A Brief History of Academic Citation Styles

A Brief History of Academic Citation Styles

HenryHenry|

The first evidence of writing traces back to Sumeria over 4,000 years ago. What started as a way to record the transaction of goods across trade routes, writing has evolved into the complex system that we know of today. Crucial developments in science and society depend on the documentation and communication of ideas across time and space. As an academic, it is important to properly reference and credit the ideas and information that your thesis will be founded upon.

What is Citation Indexing?

Citation Indexing is the process of identifying and documenting the source of information from other authors in your own written work. This is important because students, researchers, and academics are frequently building off the research of others. A botanist writing on plant life in the Amazon Rainforest will need to cite academic journals on weather patterns in South America and their impact on soil conditions.

Providing citations has four key benefits:

  1. The original author gets credit for being the source of information, conserving academic integrity and protecting against plagiarism.
  2. The reader may use citations to dig deeper into the subject for further readings. This is especially useful for the development of ideas across multiple disciplines.
  3. Citations allow the reader to independently verify that the information referenced is correct and accurately supports the writer’s position.
  4. The reader may follow the citation to the portion of the original paper to clarify the context and to gain understanding on the subject the citation is attached to.

Modernization of Citation Indexing in the 20th Century

Prior to the 1950s, most indexing was done manually by independent subject specialists. This required specialists who understood the terminologies to go through articles, journals, and academic papers and document any citations. This was a time-consuming and tedious effort prone to human errors.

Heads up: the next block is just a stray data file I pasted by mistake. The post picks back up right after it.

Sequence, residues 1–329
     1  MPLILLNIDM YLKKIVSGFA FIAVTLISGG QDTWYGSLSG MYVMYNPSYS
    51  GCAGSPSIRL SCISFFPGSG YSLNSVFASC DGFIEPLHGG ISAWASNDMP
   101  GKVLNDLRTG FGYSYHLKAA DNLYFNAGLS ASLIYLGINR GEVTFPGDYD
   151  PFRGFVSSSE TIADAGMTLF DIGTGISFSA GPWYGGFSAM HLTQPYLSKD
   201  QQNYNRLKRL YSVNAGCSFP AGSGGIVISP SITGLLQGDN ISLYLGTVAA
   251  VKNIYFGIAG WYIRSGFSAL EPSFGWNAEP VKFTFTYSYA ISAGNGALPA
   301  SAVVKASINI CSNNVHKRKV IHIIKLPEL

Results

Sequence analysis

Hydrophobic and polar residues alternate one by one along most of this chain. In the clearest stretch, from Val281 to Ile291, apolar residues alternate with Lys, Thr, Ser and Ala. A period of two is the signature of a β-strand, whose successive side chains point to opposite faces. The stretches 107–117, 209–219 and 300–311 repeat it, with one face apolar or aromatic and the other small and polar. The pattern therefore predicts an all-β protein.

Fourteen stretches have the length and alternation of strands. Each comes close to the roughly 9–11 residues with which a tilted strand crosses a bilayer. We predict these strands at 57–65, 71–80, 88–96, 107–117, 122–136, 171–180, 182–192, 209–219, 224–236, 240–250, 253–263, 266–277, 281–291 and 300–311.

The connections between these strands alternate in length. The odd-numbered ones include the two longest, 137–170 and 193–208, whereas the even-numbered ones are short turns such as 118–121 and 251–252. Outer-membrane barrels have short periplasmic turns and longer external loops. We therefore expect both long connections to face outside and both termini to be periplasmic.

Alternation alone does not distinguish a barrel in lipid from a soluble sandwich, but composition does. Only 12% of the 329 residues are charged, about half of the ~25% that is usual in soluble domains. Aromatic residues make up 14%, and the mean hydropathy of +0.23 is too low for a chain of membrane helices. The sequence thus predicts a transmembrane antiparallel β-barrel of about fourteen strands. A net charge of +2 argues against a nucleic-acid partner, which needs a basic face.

After World War II, the US federal government injected millions of dollars into research and development. Traditional methods of indexing were slow and inefficient, such that subject specialists struggled to keep up with the increasing volume of research. Researchers complained of the processing time, specifically the bottleneck caused by manual citation indexing. Also, the independent nature of the subject specialists gave rise to inconsistent terminology across different fields of research which made it difficult to connect information.

Most Popular Citation Guidelines Today

These challenges inspired organizations to create their own guidelines. Today, there are more than 9,000 different citation styles, but three are the most commonly used:

  • Chicago Manual of Style (CMS) - One of the oldest citation styles created in 1906, CMS is often required by professional publishers. It is typically used for writing in the fields of History, Fine Art, Anthropology, and Philosophy.
  • Modern Language Association (MLA) - The MLA citation style, first introduced in 1951, is often the preferred format for high schools and universities, and is typically used for English, Literature, Communication, and Religious Studies.
  • American Psychological Association (APA) - Introduced in 1929 and developed into a full publication manual in 1952, the style is typically used for technical and scientific writing including Psychology, Education, Business, and Economics.

The Two Citation Systems

Each citation style has its own rules and guidelines. However, there are only two options on how citations should be formatted — Vancouver or Parenthetical. The Vancouver system uses numbers in brackets or subscripts to identify the citation. The reader then finds the corresponding number in the footnote or endnotes for the full citation. With the Parenthetical system, the citation is added in parentheses within the body of the text directly after the information cited.

There are pros and cons to each system. The Vancouver system is inconspicuous but requires the reader to search for the citation within the book or paper. The Parenthetical system makes the information easier to find but it takes up a lot of space on the page and can be distracting to the reader, especially if the paper is citation-heavy.

Regardless, a citation must provide enough information to accurately and easily direct the reader back to the original source. For example, when referencing a scientific article, you should include the name of the journal, article, author, time of publication, and page numbers.

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